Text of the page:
#> 11       NA   November  NA
#> 12       NA   December  NA

To interact with the underlying vector of a data frame we can use the dollar sign $ operator. This takes the form of tbl$col_name.

For example, extracting the unemp_rate column looks like:

unemp_tbl$unemp_rate #> [1] 3.2 2.8 2.8 2.4 2.8 2.9 2.7 2.6 2.7 2.3 NA NA Note the difference between select(tbl, col) and tbl$col.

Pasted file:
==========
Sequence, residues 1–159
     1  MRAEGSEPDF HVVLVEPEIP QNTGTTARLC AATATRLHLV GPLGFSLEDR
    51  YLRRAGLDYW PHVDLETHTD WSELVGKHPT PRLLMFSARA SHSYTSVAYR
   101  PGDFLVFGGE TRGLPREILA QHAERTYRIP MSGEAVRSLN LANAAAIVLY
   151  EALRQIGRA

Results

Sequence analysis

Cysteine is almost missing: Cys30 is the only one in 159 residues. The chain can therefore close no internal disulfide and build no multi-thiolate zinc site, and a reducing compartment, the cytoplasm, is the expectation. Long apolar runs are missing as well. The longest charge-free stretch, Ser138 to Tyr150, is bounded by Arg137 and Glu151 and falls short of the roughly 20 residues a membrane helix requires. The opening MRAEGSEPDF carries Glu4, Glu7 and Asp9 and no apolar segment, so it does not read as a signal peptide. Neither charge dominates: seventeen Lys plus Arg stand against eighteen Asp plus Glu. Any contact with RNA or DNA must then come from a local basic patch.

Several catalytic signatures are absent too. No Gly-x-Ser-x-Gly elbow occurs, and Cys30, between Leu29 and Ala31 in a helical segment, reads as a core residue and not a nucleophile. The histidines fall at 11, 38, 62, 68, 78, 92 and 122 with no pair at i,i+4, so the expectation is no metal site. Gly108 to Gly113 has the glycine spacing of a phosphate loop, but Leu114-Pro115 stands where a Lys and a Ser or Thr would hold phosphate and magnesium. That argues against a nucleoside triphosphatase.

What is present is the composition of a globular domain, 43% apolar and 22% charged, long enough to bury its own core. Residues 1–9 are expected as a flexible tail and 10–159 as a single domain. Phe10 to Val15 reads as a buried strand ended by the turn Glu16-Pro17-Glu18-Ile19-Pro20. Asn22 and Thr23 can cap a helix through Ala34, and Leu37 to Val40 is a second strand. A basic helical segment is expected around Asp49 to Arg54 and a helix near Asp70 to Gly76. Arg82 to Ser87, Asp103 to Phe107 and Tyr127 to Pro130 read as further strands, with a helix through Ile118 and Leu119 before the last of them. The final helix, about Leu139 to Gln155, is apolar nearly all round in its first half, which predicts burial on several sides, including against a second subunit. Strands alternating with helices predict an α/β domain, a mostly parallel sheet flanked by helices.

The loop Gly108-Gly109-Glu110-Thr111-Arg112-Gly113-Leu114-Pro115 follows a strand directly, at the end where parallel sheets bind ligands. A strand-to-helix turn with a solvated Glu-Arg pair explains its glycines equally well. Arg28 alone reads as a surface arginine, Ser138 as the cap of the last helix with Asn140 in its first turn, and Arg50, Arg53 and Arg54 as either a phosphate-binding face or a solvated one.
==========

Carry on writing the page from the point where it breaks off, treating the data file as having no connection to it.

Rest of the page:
select(unemp_tbl, unemp_rate)
#> # A tibble: 12 x 1
#>    unemp_rate
#>         <dbl>
#>  1        3.2
#>  2        2.8
#>  3        2.8
#>  4        2.4
#>  5        2.8
#>  6        2.9
#>  7        2.7
#>  8        2.6
#>  9        2.7
#> 10        2.3
#> 11       NA
#> 12       NA